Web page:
By Danielle Farrow
These Civil Rogues are actors, fleeing Cromwell’s Roundhead soldiers. It is the day King Charles has been beheaded, productions are banned and three actors, in the costume of their female characters, manage to escape capture and wheedle their way into the house of Lady Margaret Cavendish as hired help. The lady is a Royalist who just so happens to have hit upon the idea of squandering all her wealth on putting on a play – what else could suck all that money up with no return quite so successfully? – before Cromwell and his Puritans can get their hands on it.
The actors do not uncover their female disguises, so that plenty of humour can be wrung from them and even some touching romance. There is some attention paid to the family of the Roundhead sergeant, also connected to the Cavendish household, and at the troubles of the times, and there are quotes and other allusions to plays, Shakespeare predominating, with the play amusingly put on by Lady Margaret being Romeo and Juliet.
Tim Norton’s script was developed at the Royal Shakespeare Company’s Other Place and is full of fun, but also skims over some questions of believability – not so much whether you can accept the main plot, easily bought into as a joyful romp, but rather there are holes in its internal logic. There is at least one reference to a quality never established and there are some tiny issues, that could have provided further comedy if addressed, such as: why on earth would a character like lead actor Gascoigne accept the role of Tybalt (necessary for plot, but not believable without a fight)? Such things run throughout the play, with details which bring true quality – including to light entertainment – forgotten or ignored. That these ‘women’ are dressed in fine Elizabethan garb is never even mentioned, let alone addressed.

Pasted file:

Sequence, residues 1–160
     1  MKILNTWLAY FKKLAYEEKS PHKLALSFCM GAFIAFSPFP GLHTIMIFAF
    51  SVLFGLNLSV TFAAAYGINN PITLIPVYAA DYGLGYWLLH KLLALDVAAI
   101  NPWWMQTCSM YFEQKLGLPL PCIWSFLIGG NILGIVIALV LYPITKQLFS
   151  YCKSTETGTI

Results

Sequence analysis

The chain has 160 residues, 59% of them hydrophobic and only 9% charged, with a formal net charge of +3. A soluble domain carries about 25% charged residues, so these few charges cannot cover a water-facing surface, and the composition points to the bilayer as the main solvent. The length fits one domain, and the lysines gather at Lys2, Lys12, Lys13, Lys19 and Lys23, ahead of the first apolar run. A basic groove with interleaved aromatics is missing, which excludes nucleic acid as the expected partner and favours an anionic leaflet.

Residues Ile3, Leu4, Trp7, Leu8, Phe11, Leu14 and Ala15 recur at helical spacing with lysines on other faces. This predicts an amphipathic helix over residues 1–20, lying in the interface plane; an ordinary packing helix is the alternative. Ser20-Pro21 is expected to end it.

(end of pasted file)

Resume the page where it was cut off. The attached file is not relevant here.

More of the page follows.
It is only the men in female costume who have suitable hairstyles (wigs), while there is no attempt to give the lady of the household the same for the Carolean period. Otherwise, though, costumes and set are decent, the latter consisting of walls of appropriate panelling across the back and on both sides, allowing different exits and entrances, with a chandelier hanging centrally, and a large basket put to use.
Performances are solid throughout, and do involve an occasional layer deeper than simple entertainment, such being particularly well played by Elliott Ross as a young actor admired by the bootboy. As a company, the cast work well together, and the pace of the piece keeps up momentum, while allowing for subtler moments.
Civil Rogues is a funny and even endearing comedy, with flashes of wit, that connects well with its chosen period. The script could do with a little more polish to explain – and indeed to utilise – certain gaps in its own comedic world, and this lack of detail is seen slightly in the production’s design, but there is plenty here to amuse, remind or inform, and, above all, to heartily entertain.
31 July – 25 August (not 11), 17:00 (18:00) @ Pleasance Courtyard